The Ada County Highway District (ACHD) announced Tuesday it updated its Roadside Memorial Policy. The updated policy adds language preventing the installment of memorials for people deemed responsible for a crash due to driving under the influence of alcohol, drugs or other criminal activity.
The original policy was put into place in August 2015 and was meant to provide a way for families to memorialize their loved ones lost in crashes on ACHD roads. ACHD says it has installed eight memorials in Ada County in the past six years.
The first seven of those are still standing, but the eighth showed areas of the policy that didn't consider all circumstances leading to a crash, according to a release.
Last December, ACHD says it received an application from a family requesting a Roadside Memorial at Five Mile and McMillan. A crash happened there and two people died and two others were injured. The application was processed and a sign was installed as previous applications had been.
Members of the public started messaging ACHD about the cause of the crash and it was determined the person named on the sign was driving under the influence. ACHD says it was not aware of this and upon hearing concerns from the community, removed the sign.
ACHD says it was determined that nothing in the 2015 policy justified the removal and the sign was put back. In order to remove the sign and prevent similar situations in the future, the policy would need to be changed, according to the release.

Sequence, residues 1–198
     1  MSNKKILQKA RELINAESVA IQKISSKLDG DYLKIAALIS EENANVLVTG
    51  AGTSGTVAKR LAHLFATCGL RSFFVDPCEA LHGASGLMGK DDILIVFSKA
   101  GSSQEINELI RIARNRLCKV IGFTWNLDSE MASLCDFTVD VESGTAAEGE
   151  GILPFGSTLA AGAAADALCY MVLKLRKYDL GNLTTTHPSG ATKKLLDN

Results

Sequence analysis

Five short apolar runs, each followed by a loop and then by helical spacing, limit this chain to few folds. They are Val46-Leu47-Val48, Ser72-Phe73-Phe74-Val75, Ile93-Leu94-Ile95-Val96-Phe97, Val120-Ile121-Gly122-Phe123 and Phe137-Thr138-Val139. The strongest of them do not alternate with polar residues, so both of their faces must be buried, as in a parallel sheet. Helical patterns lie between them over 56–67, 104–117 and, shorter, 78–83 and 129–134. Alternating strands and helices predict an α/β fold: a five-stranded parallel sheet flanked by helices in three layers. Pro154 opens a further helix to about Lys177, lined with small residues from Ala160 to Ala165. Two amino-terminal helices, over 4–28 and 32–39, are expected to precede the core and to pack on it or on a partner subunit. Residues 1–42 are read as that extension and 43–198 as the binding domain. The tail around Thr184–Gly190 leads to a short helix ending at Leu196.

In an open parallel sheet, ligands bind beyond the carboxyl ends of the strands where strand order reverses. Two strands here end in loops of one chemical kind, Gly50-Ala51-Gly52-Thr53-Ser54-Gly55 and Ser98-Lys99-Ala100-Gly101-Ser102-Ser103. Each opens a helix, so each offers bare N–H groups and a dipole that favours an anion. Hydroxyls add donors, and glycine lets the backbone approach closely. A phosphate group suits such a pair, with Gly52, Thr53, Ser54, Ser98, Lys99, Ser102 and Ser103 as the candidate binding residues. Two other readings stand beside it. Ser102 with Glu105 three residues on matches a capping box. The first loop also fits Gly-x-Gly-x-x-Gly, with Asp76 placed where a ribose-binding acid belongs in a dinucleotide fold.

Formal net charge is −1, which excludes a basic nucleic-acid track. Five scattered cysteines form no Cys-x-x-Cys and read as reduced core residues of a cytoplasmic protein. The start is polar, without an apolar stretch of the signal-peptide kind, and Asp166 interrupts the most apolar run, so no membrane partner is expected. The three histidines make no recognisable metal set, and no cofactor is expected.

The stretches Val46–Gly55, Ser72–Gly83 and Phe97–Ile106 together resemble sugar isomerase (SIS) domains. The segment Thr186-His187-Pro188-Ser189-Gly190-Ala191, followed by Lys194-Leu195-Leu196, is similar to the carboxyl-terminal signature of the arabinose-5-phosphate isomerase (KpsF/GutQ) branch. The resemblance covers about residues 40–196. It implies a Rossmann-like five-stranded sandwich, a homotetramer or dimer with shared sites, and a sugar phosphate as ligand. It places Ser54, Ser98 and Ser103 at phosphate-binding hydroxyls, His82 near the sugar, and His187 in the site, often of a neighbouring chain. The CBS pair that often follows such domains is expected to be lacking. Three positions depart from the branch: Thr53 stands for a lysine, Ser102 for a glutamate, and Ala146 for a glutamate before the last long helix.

The policy was examined to identify gaps allowing for unforeseen incidences. Commissioner Mary May also did research on similar policies throughout the country.
"While I was not in favor of having a Roadside Memorial Policy, it was clear that a majority of my colleagues were," said May. "Therefore, if the policy was going to continue, my goal was to ensure that it was modified in a way that would not cause any additional pain through its implementation."
The new policy was adopted with a 4-1 vote, with Commissioner Dave McKinney voting no.
"I don't think ACHD should be in the business of putting up memorials, so even though I think this policy is well intended, I'm inclined against having this policy. I would prefer to have really no policy at all," McKinney said. "It's not because I don't have sympathy for those who have lost loved ones in accidents and so on, simply, I think we should not be in businesses of doing roadside memorials."
You can read the full updated policy below: